- Weld Parameters: Generally, flux-based welding processes like shielded metal arc welding (SMAW) and flux corded arc welding (FCAW) will result in greater heat input and larger arc welding heat-affected zones than gas-shielded processes like gas tungsten arc welding (GTAW) and gas metal arc welding (GMAW). Factors such as travel speed and oscillation can also substantially alter the properties of an arc welding heat-affected zone with slower movement increasing heat input and the extent of the heat-affected zone.
- Heat Treatment: Although it sounds nonintuitive, pre and post-weld heat treatments can actually mitigate the microstructural effects of an arc welding heat-affected zone. By evenly heating a piece before welding starts, the differences between the heat-affected area and the rest of the workpiece are reduced. Likewise, post-heat treatments can reduce and remove the internal stresses that come from different portions of the workpiece cooling at different rates.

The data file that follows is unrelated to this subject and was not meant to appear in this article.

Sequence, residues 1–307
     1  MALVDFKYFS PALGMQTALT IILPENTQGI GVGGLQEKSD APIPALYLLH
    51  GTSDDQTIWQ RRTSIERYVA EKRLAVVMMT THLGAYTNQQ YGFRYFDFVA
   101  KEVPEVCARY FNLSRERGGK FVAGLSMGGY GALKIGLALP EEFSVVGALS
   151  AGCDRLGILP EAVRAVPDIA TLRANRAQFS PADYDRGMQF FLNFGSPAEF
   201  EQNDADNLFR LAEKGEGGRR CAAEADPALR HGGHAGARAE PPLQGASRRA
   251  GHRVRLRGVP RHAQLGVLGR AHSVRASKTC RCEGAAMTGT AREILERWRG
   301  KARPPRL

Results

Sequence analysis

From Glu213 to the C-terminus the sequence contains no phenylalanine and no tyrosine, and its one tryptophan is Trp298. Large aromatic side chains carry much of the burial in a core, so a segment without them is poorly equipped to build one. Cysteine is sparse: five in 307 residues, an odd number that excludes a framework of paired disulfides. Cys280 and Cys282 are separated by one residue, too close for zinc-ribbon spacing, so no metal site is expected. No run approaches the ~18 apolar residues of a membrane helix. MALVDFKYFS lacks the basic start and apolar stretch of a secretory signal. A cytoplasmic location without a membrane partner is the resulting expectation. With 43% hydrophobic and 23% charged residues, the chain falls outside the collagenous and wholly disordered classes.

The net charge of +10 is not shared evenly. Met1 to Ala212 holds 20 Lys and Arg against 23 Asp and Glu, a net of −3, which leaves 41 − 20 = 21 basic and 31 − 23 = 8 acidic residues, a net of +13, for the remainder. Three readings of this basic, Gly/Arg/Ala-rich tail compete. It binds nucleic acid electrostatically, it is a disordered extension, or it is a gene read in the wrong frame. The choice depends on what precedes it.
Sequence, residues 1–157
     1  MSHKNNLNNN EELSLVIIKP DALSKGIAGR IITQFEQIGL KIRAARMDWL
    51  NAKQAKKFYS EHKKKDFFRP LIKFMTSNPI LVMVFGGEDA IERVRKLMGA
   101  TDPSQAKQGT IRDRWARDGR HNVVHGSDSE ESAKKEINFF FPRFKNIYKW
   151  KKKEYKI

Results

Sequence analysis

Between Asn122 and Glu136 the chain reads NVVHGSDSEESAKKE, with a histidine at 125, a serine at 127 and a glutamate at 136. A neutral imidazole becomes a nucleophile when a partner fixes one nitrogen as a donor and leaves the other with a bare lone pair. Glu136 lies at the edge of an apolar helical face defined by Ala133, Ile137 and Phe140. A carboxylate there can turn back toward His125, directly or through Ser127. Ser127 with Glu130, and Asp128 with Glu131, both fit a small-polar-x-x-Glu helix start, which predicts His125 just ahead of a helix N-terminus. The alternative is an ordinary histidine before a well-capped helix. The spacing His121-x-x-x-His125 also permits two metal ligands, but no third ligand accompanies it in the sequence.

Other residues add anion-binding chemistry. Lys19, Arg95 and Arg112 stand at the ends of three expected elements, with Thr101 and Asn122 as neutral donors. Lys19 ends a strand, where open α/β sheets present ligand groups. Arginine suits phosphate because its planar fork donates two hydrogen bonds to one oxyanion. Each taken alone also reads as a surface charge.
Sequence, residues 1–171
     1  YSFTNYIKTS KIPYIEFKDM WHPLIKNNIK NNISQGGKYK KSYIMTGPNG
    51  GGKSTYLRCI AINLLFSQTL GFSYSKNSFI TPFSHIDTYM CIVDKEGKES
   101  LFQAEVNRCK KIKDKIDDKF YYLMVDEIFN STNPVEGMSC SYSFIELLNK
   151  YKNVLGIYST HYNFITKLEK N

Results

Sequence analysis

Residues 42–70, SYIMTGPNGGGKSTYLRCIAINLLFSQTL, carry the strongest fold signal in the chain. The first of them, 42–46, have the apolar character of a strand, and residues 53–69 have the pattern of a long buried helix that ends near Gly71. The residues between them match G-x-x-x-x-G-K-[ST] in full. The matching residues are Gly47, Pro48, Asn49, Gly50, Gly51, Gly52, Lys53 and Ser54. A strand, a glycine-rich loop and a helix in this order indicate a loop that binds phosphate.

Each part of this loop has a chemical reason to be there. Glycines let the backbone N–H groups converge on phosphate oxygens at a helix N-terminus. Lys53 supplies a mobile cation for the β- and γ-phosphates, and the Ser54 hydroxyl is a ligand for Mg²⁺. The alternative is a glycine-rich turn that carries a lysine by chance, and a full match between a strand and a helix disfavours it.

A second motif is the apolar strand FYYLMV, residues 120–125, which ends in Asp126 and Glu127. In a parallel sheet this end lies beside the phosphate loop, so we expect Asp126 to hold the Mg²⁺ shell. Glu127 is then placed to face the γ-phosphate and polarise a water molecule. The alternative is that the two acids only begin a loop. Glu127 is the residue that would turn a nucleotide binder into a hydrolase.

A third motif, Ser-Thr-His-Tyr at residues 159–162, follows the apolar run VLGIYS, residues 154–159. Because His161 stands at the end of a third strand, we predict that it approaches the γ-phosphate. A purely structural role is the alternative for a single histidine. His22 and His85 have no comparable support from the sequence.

Microstructural alterations in the heat-affected zone are ultimately due to metal expanding when heated and contracting when cooled. As one area of metal is heated, it expands compared to parts of the metal that are not, leading to microstructural alterations. These can be further compounded if cooling is uneven when the heat is removed. The effect leads to distortions in the metal and internal stresses as distorted metal presses and pulls against itself. Thermally conductive metals like copper and aluminum are less prone to this sort of distortion because their conductivity helps dissipate heat throughout the entire workpiece and distributing the heat helps keep expansion more equal between heat affected and cool zones in the workpiece. These are essentially metallurgical changes in the metal due to heat, and there is also a range of chemical changes involved with arc welding heat-affected zones.
Chemical Reactions In Heat-Affected Zones